As a property owner in Franklin County, I was planning to build a home on a lot I own on the New River. I attended the December meeting in Apalachicola regarding the Air Force's interest in conducting military exercises in the area, known as GRASI. At the time I was undecided on these exercises. Not any more.

An exercise was conducted in January unrelated to the proposed GRASI exercises. An announcement of this was posted on the Franklin County Sheriff’s Facebook page. I do not check this page on a daily basis. After talking to some neighbors, neither do they. I did not see it. I was told it stated an exercise was to be held in Franklin County. No location or time was given. 

After reading various letters in the Times and talking to neighbors, I realized that numerous people were compensated for the exercises. That's fine. But what about compensating the families that were under aircraft that were flying at treetop level, at night, experiencing the noise and vibrations for four hours? What about the property owners whose property is being devalued due to the fact that they now own property that is underneath airspace that hosts military exercises? Do people want to build and expand the county tax base if their property is subject to these exercises? Is the lost tax base worth the compensation that a few receive?

I contacted the FAA regarding the low altitude the aircraft were flying at. I was told that minimum flight altitude was 500 feet above the ground. The FAA contact asked what type of aircraft they were. When I told him multiple helicopters, he said the noise and vibrations must have been intense. Indeed! He also informed me that the FAA only regulates civilian aircraft and they have no jurisdiction over military aircraft. So while the contact did empathize with the situation, the FAA could not process a complaint.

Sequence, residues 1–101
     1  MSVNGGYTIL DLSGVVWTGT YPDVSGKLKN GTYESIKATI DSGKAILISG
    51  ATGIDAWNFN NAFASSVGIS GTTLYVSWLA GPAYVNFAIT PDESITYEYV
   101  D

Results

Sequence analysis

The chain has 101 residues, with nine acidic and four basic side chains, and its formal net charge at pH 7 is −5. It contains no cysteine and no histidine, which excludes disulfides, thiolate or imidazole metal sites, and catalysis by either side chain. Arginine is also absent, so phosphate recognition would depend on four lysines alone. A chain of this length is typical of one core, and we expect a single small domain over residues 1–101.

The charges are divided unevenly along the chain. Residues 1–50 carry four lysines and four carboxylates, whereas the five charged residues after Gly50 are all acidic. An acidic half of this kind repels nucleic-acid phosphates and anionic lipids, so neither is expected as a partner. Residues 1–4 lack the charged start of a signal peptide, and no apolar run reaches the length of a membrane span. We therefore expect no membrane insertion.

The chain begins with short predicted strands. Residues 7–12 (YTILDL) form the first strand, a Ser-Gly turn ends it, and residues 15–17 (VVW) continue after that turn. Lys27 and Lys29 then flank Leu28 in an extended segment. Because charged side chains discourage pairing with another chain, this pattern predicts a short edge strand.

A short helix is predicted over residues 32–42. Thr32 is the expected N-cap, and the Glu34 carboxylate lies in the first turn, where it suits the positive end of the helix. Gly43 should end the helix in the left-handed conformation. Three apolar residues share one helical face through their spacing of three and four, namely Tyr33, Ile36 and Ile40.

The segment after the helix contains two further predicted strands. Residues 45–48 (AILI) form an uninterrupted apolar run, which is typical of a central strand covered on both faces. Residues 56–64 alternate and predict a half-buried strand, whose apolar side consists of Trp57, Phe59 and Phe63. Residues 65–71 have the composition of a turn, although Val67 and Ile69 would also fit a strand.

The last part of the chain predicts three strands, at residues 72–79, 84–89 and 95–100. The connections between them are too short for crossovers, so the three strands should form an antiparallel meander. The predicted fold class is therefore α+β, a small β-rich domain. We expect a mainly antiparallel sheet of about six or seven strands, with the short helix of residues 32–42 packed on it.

It’s interesting that if these aircraft were civilian, they would be in violation of flight rules. At any rate I got to thinking about why these exercises were being held in the first place. Then I realized the reason - practice. They were held so the participants could gain experience, i.e. skills which are derived from direct participation in these exercises. Which begs the following questions: How much experience do these participants have? How many hours experience do the pilots have flying at treetop level at night? What types of armaments are on these aircraft flying at night, at treetop level, over occupied residential areas? How much fuel do these aircraft carry flying at night, at treetop level, hundreds, thousands of gallons? What effect would a spill have on the river and bay if a crash would occur?

Yes, these participants need the practice, but at night, at treetop level, over occupied residential areas? How would the residents of Apalachicola or St. George Island react to helicopters flying at treetop level at night, with minimum notice?

G. Cerfus

Franklin County